The silicon borides have properties that would make them excellent ceramic armor materials — particularly as SiB4 has a substantially lower density than boron carbide — but they are much more difficult to synthesize than boron carbide, and outside of a few exceedingly narrow industrial uses that take advantage of their thermal properties, they are very infrequently encountered. Because the SiB compounds have effectively no large-scale industrial uses, and powder production infrastructure would need to be built from scratch, silicon boride ceramic armor tiles would be very expensive. (Silicon carbide and boron carbide were initially selected for use in armor because they were, and still are, popular industrial abrasives that are readily available in very large quantities.)
Density: 1.89 gm/cc
Hardness (Vickers): 1300 HV1
Fracture toughness: 2 MPa*m^1/2
Compressive strength: Not reported
The beryllium borides are, in a word, superlative.
Be2B and Be4B are the lightest ceramic materials to ever undergo ballistic testing, at just 1.89 and 1.94 gm/cc, respectively. They are extremely light.
Be2B — the better of the two — also melts at just 1300°C, which means that it can be directly cast from a melt using industrial equipment that isn’t too outlandish or unusual. In this sense it is unlike any other armor ceramic.
In the LLNL Wilkins experiments, described elsewhere, Be4B and Be2B were also the best-performing armor ceramics by a wide margin. Indeed, they were the only ones to out-perform boron carbide by a truly significant margin.
There ends the superlative good. Now for the superlative bad.
Beryllium is among the most toxic non-radioactive elements; it’s right up there with arsenic and thallium. Inhalation of beryllium dust — and this includes the dust of beryllium compounds like BeO, Be2B, etc. — can be deadly toxic, even in very small amounts. It’s not a pleasant or swift death, either.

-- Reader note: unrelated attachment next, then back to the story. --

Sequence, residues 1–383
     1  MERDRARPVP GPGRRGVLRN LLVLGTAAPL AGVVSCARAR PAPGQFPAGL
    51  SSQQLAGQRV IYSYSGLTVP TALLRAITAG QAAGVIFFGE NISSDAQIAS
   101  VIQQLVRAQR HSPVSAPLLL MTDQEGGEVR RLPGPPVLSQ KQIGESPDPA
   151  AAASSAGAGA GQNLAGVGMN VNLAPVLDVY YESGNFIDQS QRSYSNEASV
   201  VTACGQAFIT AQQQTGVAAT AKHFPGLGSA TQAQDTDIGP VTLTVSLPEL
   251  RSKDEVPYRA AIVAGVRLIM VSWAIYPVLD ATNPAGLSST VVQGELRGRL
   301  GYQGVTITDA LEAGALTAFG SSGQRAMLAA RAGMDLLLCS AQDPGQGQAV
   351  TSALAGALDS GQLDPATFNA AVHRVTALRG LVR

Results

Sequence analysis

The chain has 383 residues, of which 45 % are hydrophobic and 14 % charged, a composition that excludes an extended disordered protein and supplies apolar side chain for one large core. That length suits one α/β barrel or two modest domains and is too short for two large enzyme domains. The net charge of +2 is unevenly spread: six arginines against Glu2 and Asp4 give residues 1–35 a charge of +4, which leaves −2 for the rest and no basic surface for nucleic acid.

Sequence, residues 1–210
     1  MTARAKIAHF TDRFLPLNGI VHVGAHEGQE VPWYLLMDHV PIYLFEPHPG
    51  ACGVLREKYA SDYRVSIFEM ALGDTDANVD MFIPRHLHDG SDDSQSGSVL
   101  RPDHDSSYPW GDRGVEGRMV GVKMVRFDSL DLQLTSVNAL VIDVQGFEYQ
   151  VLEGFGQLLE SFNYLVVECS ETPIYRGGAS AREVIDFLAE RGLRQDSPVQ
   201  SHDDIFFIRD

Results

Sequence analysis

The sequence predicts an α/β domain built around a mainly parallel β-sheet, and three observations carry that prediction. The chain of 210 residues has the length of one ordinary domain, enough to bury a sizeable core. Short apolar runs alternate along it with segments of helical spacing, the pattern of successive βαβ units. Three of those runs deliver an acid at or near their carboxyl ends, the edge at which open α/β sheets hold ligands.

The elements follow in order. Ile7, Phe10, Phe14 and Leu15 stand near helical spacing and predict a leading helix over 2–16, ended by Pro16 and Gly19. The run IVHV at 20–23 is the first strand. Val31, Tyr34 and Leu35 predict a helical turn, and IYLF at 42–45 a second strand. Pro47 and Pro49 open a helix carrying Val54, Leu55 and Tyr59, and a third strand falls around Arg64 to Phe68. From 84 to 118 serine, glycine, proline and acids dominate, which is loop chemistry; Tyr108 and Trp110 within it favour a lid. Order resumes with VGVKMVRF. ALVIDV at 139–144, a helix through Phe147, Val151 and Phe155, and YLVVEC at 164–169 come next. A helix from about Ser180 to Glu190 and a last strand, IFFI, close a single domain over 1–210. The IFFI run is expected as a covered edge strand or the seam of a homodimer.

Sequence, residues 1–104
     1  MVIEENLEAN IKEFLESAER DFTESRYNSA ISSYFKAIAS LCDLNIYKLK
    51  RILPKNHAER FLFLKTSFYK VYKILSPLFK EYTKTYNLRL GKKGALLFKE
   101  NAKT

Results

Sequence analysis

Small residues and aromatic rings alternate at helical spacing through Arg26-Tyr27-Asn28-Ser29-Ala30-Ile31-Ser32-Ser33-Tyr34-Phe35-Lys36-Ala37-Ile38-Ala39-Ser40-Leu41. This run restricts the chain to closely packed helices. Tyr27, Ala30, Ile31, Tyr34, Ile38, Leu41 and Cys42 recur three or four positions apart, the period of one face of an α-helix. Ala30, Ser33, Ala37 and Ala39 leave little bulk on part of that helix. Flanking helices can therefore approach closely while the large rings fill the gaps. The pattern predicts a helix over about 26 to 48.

Because it’s so toxic, beryllium has very few industrial uses. In descending order of importance: (1) beryllium-copper tools containing 2% beryllium or less. (2) Niche, high-end aerospace superalloys. (3) Niche, high-end audio equipment that takes advantage of its extremely high sonic velocity and good acoustic properties. (4) Use in X-Ray machines and in various applications that take advantage of its transparency to X-ray wavelengths. (5) Beryllium oxide heatsinks.
Wherever beryllium is used, there are efforts underway to try and replace it with something else. BeO heatsinks are already largely obsolete.
Because it has so few industrial uses, beryllium is produced only in very small amounts. Total global production of beryllium metal and beryllium oxide ceramics is on the order of ~220 tons per year. Recall that silicon carbide is produced in quantities around 1M tons per year, and alumina is produced in quantities over 100M tons per year!